If you’re still figuring out the next step, don’t fret — everyone moves at different speeds and has different priorities. If you’re still weighing all your options, here are some pros and cons to the three most common post-graduate paths.
Being your own boss can be great. You set your salary, pick your hours, and can run your practice according to your own core values. There are a lot of benefits to starting a business.
However, there’s an equal amount of risk involved. Plus, dental schools don’t always prepare you well for the business side of dentistry.
Before you set up shop, be sure to do your research and figure out a business plan. If you’re unversed in the ways of business, hire outside consultants to help you build your practice; you’ll want a great accountant and office manager to keep you organized along the way. Sure, it’s an extra expense, but it’s worth it — especially when your bank account is on the bottom line.
Running your own practice can be a great choice for those looking to maximize income. But if you’re not ready to run your own practice, you still can gain valuable experience and knowledge about running a practice by joining a dental practice.
Signing onto an established practice is never a bad idea. But, as expected, you do give up some of the freedoms allowed for someone who owns their own practice.
Joining a practice will give you certain securities. The right practice should provide adequate benefits and you might enjoy the fact that hiring/firing won’t fall on your shoulders. Also, what you lack in schedule flexibility, you’ll make up with the ability to relocate on a whim; if you decide you want to move to a new city, you can put in your resignation at the practice and carry on. As a business owner, it’d be much harder to just pack up and move.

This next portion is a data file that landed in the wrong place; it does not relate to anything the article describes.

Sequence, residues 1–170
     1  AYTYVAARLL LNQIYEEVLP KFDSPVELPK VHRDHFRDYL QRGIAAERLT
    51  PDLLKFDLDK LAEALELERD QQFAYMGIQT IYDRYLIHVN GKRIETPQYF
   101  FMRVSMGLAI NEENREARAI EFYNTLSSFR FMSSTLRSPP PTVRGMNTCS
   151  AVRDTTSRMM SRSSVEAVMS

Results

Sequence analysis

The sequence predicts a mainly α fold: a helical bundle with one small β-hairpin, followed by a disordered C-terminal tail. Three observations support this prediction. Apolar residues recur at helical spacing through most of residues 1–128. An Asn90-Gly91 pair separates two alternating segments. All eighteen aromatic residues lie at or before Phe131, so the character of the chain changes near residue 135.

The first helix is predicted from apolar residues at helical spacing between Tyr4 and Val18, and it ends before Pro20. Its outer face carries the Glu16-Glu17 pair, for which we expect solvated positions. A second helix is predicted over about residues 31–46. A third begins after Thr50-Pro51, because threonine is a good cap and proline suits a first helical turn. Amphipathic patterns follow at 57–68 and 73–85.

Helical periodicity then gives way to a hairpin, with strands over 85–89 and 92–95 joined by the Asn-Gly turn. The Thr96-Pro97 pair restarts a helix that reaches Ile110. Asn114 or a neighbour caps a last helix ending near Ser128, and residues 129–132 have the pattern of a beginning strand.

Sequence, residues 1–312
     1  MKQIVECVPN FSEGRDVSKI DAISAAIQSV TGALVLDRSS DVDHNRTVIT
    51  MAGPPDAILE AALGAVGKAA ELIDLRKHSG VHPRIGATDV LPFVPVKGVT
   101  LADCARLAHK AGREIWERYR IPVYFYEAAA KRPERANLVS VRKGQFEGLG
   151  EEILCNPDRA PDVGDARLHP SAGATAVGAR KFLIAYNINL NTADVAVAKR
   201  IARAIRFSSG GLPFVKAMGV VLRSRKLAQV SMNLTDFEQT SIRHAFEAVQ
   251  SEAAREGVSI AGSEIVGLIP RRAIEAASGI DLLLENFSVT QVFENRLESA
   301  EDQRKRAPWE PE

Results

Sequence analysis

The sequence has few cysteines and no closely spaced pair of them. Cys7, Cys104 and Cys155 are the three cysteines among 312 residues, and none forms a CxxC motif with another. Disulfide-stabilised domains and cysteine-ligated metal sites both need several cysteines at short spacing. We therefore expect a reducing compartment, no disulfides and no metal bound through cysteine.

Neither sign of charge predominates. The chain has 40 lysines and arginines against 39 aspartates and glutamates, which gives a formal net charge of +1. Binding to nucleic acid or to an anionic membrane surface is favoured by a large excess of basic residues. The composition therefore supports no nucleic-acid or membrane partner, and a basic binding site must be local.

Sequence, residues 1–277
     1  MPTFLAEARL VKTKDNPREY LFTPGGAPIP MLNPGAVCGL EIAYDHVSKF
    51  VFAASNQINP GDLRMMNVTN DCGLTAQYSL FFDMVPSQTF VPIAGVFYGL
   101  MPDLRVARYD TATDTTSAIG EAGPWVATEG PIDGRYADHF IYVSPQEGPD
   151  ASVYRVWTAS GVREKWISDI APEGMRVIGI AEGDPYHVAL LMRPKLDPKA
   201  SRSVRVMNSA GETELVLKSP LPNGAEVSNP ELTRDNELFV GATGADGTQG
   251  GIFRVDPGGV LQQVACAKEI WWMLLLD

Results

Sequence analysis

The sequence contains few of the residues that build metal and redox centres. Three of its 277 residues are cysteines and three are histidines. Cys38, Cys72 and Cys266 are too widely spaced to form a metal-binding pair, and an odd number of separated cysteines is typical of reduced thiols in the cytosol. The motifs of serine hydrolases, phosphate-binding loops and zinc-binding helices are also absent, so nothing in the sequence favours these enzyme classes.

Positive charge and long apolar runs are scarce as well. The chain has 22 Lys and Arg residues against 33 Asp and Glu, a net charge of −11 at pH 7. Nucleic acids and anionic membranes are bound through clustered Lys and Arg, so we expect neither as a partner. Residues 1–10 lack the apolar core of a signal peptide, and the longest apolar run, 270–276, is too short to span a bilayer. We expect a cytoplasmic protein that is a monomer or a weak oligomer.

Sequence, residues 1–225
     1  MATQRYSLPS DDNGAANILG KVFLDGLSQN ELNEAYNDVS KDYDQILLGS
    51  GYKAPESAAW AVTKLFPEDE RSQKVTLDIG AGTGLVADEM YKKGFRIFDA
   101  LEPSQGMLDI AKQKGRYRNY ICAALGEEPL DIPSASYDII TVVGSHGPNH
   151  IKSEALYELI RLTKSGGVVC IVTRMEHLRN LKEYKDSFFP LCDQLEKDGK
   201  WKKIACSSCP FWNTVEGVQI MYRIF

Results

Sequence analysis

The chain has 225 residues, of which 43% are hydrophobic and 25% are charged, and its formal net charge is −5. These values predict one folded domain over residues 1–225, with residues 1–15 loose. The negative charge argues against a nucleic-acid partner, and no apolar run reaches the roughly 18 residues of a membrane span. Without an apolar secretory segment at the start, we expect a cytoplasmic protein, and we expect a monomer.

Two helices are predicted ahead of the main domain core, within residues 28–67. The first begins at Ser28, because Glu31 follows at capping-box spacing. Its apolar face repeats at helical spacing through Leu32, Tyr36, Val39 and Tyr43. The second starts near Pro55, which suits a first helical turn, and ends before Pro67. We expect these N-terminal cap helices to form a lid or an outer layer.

If you’re not sure where you want to put down roots after dental school, joining an existing practice could be your best choice. You’ll learn a lot, and you won’t have to invest as much right out of school.
Let’s be honest: you’ve been in school for a long time. Taking some time off to refresh and rebalance yourself can be beneficial, both mentally and emotionally . A lot of students jump right into a career after school, but end up feeling burnout after a few years. Don’t let that be you!
If you feel like you need a little time before diving into dentistry (and you have the financial means to do so) don’t be ashamed to take a break. You’ve worked hard to get here and you’ve already set yourself up well for a rewarding career in a thriving industry.
It’s important to remember that everyone is different. If you want to get the most benefit out of your career, be sure to listen to what drives you and your long-term goals. There’s no “correct” path after dental school, and you can always alter it down the road.
What path do you think would benefit new graduates the most? Let us know over on our Facebook!
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